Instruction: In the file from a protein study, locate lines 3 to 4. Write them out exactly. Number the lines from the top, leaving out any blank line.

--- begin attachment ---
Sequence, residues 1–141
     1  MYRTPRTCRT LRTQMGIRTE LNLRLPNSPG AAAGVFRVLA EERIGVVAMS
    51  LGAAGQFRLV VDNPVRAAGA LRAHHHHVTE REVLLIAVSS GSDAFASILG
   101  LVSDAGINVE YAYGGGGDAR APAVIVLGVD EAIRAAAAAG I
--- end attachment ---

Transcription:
    51  LGAAGQFRLV VDNPVRAAGA LRAHHHHVTE REVLLIAVSS GSDAFASILG
   101  LVSDAGINVE YAYGGGGDAR APAVIVLGVD EAIRAAAAAG I